MPEG-4 Part 3

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(Redirected from MPEG-4 AAC-SSR)

MPEG-4 Part 3 (formally ISO/IEC 14496-3) is, as the name suggests, the third part of the ISO/IEC MPEG-4 international standard. It specifies audio coding methods.

The Advanced Audio Coding in MPEG-4 Part 3 was enhanced relative to what was previously specified in MPEG-2 Part 7, in order to provide better sound quality relative to the bit rate used for the encoding.

One codec defined in MPEG-4 Part 3 is known as Low Complexity Advanced Audio Coding (LC-AAC). Another one is known as High-Efficiency Advanced Audio Coding (HE-AAC) or "aacPlus". Another one is known as Scalable Sample Rate Advanced Audio Coding (AAC-SSR).


aacPlus, or HE-AAC

aacPlus is a lossy data compression scheme for audio streams. It is based on MPEG-4, and combines three techniques: Advanced Audio Coding (AAC), Spectral Band Replication (SBR), and parametric stereo (PS).

aacPlus was standardized by the MPEG under the High Efficiency AAC (HE-AAC) name. The codec can operate at very low bitrates and is good for Internet radio streaming. A 48 kilobit-per-second stream is considered to have higher quality than 128 kbit/s MP3.

aacPlus is supported in the free FAAD2 decoding library, and hence in many free players, and in Winamp and foobar2000.

External links

  • ( list of Internet radio stations using aacPlus
  • aacPlus explained (
  • Open Source AAC codec ( FAAC (encoder) and FAAD2 (decoder)


MPEG-4 AAC-SSR or MPEG-4 Advanced Audio Coding - Scalable Sample Rate was introduced by Sony to the MPEG-4 standard. The audio signal is first split into 4 bands using a 4 band polyphase quadrature filter bank. Then these 4 bands are further split using MDCTs with a size k of 32 or 256 samples. This is similar to normal MPEG-4 AAC which uses MDCTs with a size k of 128 or 1024 directly on the audio signal.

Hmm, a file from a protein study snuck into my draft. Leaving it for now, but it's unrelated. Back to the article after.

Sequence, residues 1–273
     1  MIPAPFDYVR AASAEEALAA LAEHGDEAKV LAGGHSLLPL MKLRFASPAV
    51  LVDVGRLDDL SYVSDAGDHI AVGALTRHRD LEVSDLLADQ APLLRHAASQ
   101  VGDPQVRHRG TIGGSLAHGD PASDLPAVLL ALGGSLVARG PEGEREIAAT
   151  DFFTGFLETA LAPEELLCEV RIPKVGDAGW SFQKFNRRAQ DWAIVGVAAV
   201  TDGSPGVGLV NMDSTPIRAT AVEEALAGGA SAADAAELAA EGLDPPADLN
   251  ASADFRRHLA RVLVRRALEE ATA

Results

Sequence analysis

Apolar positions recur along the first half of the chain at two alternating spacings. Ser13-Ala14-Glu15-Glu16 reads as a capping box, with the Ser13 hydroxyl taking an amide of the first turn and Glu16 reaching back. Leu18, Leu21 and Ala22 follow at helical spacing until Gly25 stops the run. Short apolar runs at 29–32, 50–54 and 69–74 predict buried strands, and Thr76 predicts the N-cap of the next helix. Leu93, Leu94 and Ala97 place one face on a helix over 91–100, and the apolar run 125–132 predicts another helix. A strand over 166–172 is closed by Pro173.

The advantage of this technique is that short block switching can be done separately for every PQF band. So high frequencies can be encoded using a short block to enhance temporal resolution, low frequencies can be still encoded with high spectral resolution. However, due to aliasing between the 4 PQF bands coding efficiencies around (1,2,3) * fs/8 is worse than normal MPEG-4 AAC.

MPEG-4 AAC-SSR is very similar to ATRAC and ATRAC-3.

Why AAC-SSR was introduced

The idea behind AAC-SSR was not only the advantage listed above, but also the possibility of reducing the data rate by removing 1, 2 or 3 of the upper PQF bands. A very simple bitstream splitter can remove these bands and thus reduce the bitrate and sample rate.


4 subbands: bitrate = 128 kbit/s, sample rate = 48 kHz, f_lowpass = 20 kHz 3 subbands: bitrate ~ 120 kbit/s, sample rate = 48 kHz, f_lowpass = 18 kHz 2 subbands: bitrate ~ 100 kbit/s, sample rate = 24 kHz, f_lowpass = 12 kHz 1 subband: bitrate ~ 65 kbit/s, sample rate = 12 kHz, f_lowpass = 6 kHz

Note: although possible, the resulting quality is much worse than typical for this bitrate. So for normal 64 kbit/s AAC a bandwidth of 14...16 kHz is achieved by using intensity stereo and reduced NMRs. This degrades audible quality less than transmitting 6 kHz bandwidth with perfect quality.


.m4a is the file extension attached to names of files using the MPEG-4 Audio standard. The normal extension for any MPEG-4 file is .mp4, which is also mentioned in the MPEG-4 standard. The .m4a file extension has been popularized by Apple, which started using the .m4a file extension in their iTunes software and iPod music players to distinguish between MPEG-4 Video and Audio files. Currently, most software that supports MPEG-4 Audio also supports the .m4a extension. The most common type of .m4a files available are those using the AAC (Advanced Audio Coding) audio format, but other formats such as Apple Lossless and even mp3 files may be put inside a .m4a container file. You can normally safely rename the file extension of a .mp4 file containing only audio to .m4a or vice versa to get the file to properly play in your favorite audio player.

Protected MPEG-4 Audio

When these files have digital rights management (DRM) restrictions applied to them, their extension are changed to .m4p, the p standing for protected. Music files purchased from the iTunes Music Store have this extension.


When they contain audiobook data, MPEG-4 files have a .m4b extension.

External links

See also


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